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Archive: November, 2011

POSTED: Thursday, December 1, 2011, 12:41 AM
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Audra McDonald performed Wednesday evening as part of the Kimmel Center's tenth anniversary. Photo by Michael Wilson.

By Howard Shapiro

Ten years ago,  golden-voiced Broadway favorite Audra McDonald helped open the Kimmel Center; on Wednesday night she returned to help celebrate its first decade. Elegant in an asymmetrical gown, she delivered a concert largely drawn from the songbook of American musicals.

Her appearance was the last stop on a 20-city tour. It was to have been the first, but her Oct. 1 appearance was postponed when union workers struck the Kimmel for 18 hours in a labor dispute.
“It wasn’t me — I was ready to come!” McDonald assured the aucdience, but no matter -- it was well worth the wait. The four-time Tony winner, an effusive, rich-toned soprano with a range that could cover Montana, delivered songs from more than a dozen shows with interpretations that honored the different characters in each.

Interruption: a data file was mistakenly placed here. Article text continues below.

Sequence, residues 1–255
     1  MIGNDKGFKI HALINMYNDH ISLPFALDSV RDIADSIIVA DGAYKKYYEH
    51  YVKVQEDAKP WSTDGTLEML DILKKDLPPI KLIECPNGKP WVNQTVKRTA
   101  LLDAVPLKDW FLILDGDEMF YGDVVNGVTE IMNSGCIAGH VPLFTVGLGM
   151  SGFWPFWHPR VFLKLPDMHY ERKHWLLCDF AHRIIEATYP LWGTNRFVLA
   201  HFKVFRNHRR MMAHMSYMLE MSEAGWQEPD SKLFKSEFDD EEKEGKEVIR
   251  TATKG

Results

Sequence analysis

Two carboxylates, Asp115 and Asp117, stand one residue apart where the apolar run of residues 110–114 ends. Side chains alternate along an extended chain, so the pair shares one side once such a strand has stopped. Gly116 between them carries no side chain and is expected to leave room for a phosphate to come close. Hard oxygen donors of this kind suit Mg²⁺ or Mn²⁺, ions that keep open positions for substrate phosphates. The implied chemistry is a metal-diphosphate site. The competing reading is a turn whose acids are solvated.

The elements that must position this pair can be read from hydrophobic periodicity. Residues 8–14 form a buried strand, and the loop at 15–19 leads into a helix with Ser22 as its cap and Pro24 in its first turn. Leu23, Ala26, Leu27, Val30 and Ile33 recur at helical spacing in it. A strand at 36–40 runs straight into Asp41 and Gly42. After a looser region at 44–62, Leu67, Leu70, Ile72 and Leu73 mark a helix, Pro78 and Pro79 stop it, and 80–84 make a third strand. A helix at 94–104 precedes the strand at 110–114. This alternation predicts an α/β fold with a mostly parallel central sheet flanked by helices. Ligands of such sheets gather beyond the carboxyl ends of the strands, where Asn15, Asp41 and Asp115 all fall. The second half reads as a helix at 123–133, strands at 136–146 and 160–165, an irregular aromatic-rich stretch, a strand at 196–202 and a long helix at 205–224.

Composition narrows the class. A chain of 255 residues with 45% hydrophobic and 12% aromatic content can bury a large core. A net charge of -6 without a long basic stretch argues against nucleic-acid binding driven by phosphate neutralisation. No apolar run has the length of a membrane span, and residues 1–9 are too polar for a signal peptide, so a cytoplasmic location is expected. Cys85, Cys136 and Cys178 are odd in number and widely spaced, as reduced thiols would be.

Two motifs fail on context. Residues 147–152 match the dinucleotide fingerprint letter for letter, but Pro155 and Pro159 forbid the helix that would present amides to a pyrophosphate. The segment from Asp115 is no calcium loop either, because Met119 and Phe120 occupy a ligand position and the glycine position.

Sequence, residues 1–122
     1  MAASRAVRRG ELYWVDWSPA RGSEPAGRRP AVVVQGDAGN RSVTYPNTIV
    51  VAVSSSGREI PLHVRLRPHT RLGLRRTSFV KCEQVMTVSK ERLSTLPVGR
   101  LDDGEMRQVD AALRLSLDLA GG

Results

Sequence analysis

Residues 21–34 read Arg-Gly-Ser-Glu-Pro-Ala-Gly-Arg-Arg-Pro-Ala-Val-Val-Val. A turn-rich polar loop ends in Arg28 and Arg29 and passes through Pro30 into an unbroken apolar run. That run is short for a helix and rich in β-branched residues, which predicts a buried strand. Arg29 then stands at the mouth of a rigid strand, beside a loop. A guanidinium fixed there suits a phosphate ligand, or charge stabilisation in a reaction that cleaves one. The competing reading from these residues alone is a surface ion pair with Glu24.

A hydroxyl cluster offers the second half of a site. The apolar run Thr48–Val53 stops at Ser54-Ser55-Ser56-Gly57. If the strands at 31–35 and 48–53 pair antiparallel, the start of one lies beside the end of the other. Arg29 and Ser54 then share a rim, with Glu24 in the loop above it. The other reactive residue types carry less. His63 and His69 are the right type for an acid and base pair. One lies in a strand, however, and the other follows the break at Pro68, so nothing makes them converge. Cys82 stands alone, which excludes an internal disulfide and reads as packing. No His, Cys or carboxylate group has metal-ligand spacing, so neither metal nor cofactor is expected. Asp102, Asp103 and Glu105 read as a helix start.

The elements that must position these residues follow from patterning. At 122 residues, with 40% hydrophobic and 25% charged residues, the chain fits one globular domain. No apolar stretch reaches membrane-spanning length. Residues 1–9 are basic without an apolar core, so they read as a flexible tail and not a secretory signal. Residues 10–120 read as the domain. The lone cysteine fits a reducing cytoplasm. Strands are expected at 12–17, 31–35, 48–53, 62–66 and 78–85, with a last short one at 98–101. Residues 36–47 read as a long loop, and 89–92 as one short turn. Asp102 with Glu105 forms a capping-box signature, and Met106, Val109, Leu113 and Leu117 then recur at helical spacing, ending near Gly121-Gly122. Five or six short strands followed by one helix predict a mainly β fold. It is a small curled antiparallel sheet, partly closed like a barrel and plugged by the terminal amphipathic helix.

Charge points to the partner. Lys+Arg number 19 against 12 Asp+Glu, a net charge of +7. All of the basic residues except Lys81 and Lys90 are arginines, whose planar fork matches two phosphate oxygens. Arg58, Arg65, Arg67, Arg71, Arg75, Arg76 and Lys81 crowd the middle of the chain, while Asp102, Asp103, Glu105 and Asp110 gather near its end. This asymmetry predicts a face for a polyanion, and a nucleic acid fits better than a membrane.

howard shapiro @ 12:41 AM  Permalink | 0 comments
POSTED: Thursday, December 1, 2011, 12:15 AM

By Toby Zinman

The opening-night audience — longtime fans of 1812’s annual news-and-views send-up This Is the Week That Is — cheers to see Patsy (Jen Childs) back in South Philly, wearing her pink Eagles sweatshirt, giving Washington a piece of her mind. When she announces that 1812 Productions is the only company devoted to comedy in the whole country, she offers an aside, “I know, I know. Can yez stand it?”

All the expectable, mockable suspects are rounded up for our amusement: the Republican presidential candidates, the Occupiers, Greece, superheroes, the Republican presidential candidates, President Obama, Michelle Obama, Wall Street bankers, spin doctors, the Republican presidential candidates, Harvard professors, newscasters, television talk shows, and, wait, did I mention Republican presidential candidates?

Toby Zinman @ 12:15 AM  Permalink | 0 comments
POSTED: Monday, November 28, 2011, 12:16 PM